What is it about?

Malaria is caused by a parasite of the Plasmodium genus, the most destructive to human health being Plasmodium falciparum. Unlike the viruses or bacteria we may be familiar with as disease-causing organisms, malaria is actually a so-called "eukaryote" i.e. it belongs to the same group of organisms plants and animals (including of course, humans). Ways to treat or prevent the disease are constantly being investigated. In our work we looked at interesting organelle inside the malarial cell (malaria is a single-celled parasite). An organelle is a structure within a cell that carries out a specific function. Malarial cells have an unusual organelle not found in many other organisms, called an apicoplast which is needed for the cell to survive. In evolutionary history, before becoming part of the malarial eukaryotic cell, the apicoplast was a free-living bacteria and actually retains bacterial features including an enzyme called DNA gyrase which is not usually found in most eukaryotes including humans. DNA gyrase is a well known target in bacteria for antibacterial drugs winch very effectively kill them. This raises the question of whether DNA gyrase in Plasmodium species may also be an effective drug target. To answer this we produced part of Plasmodium gyrase and used it to screen for small molecules which could negatively effect the enzyme with high specificity. We identified purpurogallin, a natural product found in some plants as one such potential compound.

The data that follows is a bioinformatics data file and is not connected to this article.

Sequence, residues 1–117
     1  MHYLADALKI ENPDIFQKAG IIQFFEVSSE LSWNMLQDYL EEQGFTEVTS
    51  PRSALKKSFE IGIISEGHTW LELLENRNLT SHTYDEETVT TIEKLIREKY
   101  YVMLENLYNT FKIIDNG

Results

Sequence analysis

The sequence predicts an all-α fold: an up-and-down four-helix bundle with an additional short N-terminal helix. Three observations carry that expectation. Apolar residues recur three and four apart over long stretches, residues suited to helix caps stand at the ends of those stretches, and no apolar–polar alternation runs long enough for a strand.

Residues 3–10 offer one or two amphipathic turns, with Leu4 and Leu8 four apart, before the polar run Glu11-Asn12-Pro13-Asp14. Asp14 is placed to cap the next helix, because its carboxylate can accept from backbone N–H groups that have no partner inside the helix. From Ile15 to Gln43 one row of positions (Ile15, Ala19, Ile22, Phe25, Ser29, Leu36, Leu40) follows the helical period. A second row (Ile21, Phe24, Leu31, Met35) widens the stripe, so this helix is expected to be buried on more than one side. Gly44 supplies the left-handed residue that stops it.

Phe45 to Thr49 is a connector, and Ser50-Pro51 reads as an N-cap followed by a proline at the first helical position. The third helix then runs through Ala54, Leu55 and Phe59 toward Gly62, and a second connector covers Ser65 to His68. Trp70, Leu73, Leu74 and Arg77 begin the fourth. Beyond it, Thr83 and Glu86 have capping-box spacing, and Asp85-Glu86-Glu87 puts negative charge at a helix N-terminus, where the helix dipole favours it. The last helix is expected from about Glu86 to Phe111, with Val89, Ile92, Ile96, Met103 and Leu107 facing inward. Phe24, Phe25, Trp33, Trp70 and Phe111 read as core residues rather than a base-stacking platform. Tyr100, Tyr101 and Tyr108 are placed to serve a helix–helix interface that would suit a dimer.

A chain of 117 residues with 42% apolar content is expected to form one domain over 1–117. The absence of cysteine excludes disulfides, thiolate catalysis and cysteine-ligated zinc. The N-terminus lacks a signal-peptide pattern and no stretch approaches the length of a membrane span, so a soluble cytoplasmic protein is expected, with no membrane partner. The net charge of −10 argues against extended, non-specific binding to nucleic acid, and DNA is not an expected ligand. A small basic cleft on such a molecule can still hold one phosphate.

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Why is it important?

Malaria remains a huge burden on health across the world and truly effective treatments are still lacking. Even if good vaccines are developed resistance may always be a problem meaning that new possible targets and drugs should be continuously developed. By investigating DNA gyrase as an underutilized therapeutic target we hope to find potential new inhibitors that could eventually lead to useful treatments. In our case we found a gyrase inhibitor that seemed to show specificity of the malarial gyrase over the bacterial gyrase. This is important as treating malaria with antibacterials could of course lead to an increase in the incidence of drug-resistant bacteria, itself an ever-growing threat.


It took us a long time to get this result not least because proteins from malaria are often very difficult to produce.

Professor Jonathan Gardiner Heddle
Jagiellonian University

Read the Original

This page is a summary of: Inhibitory compounds targeting Plasmodium falciparum Gyrase B, Antimicrobial Agents and Chemotherapy, August 2021, ASM Journals,
DOI: 10.1128/aac.00267-21.
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